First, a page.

€2m project to boost recovery of raw materials from e-waste
A new EU-funded project aims to explore the commercial opportunities for harvesting critical raw materials and precious metals from unwanted electronic products.
The €2.1m project, called Critical Raw Material Closed Loop Recovery (‘CRM Recovery’), is a four-country collaboration, with the UK, Germany, Italy and Turkey all participating.
WRAP research has shown that nearly 40% of electrical products go to landfill when they are disposed, while the United Nations University claims that this annual mountain of e-waste contains 16,500 kilotons of iron, 1,900 kilotons of copper, and 300 tonnes of gold.
Over the course of the three and a half year project, CRM Recovery aims to increase the recovery of these precious materials and others by at least 5%.
The project will analyse how collection methods, such as kerbside collections, retailer take-back schemes or postal returns, affect how material components of electronic products are recovered and returned to the market.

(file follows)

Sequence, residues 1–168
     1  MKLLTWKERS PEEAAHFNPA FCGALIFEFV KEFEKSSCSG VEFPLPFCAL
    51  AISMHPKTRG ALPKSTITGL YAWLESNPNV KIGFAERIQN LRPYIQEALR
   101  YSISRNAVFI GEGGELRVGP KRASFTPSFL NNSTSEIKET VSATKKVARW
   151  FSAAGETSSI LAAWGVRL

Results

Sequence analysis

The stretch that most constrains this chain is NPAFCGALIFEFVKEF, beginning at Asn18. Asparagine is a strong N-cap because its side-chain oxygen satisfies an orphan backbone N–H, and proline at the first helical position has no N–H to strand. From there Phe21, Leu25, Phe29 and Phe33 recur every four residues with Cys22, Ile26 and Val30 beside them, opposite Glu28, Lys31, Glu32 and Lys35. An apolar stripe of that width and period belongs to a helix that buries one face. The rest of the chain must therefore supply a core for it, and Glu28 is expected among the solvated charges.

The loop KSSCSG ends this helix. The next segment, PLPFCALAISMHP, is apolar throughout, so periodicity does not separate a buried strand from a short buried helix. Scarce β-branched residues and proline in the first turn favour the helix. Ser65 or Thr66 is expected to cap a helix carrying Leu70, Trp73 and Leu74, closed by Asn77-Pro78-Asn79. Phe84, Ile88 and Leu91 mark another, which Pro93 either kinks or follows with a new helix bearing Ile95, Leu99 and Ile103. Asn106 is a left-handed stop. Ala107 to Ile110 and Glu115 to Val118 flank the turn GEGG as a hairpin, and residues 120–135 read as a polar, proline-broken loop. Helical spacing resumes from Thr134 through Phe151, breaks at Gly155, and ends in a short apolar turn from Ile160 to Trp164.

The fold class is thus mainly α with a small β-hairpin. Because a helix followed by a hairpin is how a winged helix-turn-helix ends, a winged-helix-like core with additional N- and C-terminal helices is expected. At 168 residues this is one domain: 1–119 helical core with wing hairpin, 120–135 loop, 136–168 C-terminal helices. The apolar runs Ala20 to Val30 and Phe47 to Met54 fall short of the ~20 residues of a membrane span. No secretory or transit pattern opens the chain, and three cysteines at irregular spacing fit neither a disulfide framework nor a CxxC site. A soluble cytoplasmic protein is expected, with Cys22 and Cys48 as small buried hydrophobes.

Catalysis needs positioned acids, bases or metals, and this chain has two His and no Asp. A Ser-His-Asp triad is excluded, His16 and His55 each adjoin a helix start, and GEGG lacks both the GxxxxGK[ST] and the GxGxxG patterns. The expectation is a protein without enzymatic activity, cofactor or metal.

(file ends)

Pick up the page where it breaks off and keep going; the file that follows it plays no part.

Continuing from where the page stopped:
Findings will be fed back to the European Commission in the form of policy recommendations and proposals for infrastructure development for the cost effective recovery of these precious and critical raw materials.
Dr Liz Goodwin, the CEO of WRAP, the project’s UK partner, said: “We’re delighted to lead this project which will find effective routes for collecting and recovering valuable materials from electrical and electronic products. I look forward to seeing how these new insights inform the bigger picture, demonstrating the economic and environmental benefits of making better use of resources across Europe”.
The €2.1m funding specifically comes from EU LIFE - the EU's financial instrument for supporting environmental and nature conservation projects throughout the bloc.
A recent study from Sheffield University claimed that the efficient recycling of e-waste could be worth €3.7bn to the European economy by 2020.
Earlier this year, the UK Government allocated £600,000 to help develop Britain's first 'plasma facility' which will recover gold, silver and platinum from electronic waste.